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Posted: 05 October 2017 06:22 AM   [ Ignore ]   [ # 1 ]
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Interesting and quite new to me. This bit put a broad grin on my face.

er ist ein Schneider ‘he looks like death warmed-over’ (literally, ‘he is a tailor’

One of my friends is a retired tailor, can’t wait to pass that one on. For an English-speaker the word snide comes to mind which intriguingly in its first 19th century incarnation meant inferior, worthless.  Snide is of unknown origin, a cant word. One hesitates to suggest a connection.

BTW that stuff about winning a schneider, so called because your opponents had a schneider seems a perfect example of lucus a non lucendo if I’m understanding it aright.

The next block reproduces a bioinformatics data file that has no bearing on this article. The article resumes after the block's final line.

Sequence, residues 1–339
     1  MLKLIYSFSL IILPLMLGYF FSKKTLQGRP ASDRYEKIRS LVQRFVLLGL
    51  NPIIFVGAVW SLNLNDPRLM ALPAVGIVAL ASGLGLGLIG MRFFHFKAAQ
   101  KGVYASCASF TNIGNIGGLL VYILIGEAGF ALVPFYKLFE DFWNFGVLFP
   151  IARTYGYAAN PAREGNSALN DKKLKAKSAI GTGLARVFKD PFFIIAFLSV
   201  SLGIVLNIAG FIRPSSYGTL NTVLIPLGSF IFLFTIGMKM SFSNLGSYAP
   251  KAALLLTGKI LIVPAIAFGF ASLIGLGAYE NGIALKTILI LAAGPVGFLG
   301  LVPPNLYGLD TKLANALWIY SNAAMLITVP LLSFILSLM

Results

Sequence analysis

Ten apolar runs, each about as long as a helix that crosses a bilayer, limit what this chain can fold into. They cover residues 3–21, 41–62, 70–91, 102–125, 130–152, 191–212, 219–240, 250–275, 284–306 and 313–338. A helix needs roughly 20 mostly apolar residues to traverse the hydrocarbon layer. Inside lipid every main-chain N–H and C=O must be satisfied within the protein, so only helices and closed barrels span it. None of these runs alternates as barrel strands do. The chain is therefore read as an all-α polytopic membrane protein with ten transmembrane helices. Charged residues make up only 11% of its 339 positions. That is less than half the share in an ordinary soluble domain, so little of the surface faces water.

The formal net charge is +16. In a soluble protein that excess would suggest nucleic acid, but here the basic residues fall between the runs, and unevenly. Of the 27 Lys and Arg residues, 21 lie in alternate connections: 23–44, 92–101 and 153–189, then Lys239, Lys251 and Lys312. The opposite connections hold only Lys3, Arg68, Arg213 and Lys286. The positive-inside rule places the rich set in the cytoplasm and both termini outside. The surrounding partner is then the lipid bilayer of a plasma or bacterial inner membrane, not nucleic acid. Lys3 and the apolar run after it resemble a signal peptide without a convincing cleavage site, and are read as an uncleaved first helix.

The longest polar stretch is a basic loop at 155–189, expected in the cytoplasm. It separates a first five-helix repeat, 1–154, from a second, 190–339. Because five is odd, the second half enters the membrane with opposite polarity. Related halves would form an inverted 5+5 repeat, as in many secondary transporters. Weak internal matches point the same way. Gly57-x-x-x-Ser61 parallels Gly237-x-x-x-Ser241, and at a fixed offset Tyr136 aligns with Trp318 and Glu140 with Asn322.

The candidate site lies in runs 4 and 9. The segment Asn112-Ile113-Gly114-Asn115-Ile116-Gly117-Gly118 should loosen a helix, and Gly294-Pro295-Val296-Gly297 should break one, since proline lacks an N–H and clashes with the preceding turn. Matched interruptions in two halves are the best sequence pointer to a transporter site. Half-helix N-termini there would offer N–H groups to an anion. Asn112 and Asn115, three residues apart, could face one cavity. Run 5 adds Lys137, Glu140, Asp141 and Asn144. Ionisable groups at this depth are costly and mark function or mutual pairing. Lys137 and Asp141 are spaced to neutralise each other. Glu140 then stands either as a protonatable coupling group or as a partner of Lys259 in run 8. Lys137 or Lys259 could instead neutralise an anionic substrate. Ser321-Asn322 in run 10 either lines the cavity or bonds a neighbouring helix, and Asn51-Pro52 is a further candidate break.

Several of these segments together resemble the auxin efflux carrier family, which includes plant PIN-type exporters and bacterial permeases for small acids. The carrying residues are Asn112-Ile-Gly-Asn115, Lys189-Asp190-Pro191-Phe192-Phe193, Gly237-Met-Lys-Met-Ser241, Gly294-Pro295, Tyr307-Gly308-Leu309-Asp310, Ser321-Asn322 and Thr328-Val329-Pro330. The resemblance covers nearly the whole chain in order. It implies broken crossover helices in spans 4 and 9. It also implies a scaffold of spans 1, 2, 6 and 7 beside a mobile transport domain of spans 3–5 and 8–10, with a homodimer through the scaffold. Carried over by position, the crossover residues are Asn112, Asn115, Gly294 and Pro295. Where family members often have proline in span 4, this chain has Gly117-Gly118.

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Posted: 05 October 2017 06:27 AM   [ Ignore ]   [ # 2 ]
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I recall being schneidered by my grandmother in gin rummy. That recollection dates to c.1977.

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Posted: 05 October 2017 07:00 AM   [ Ignore ]   [ # 3 ]
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I remember hearing this term while at a horse racing track years ago:

It’s time to get OFF THE SCHNEID.

What is OFF THE SCHNEID?  It’s a figure of speech that means to end a losing streak — to stop a long run of negatives with a positive.

To understand how one gets OFF THE SCHNEID, one has to understand what “the schneid” is. Here is a definition from the smart folks at http://www.word-detective.com.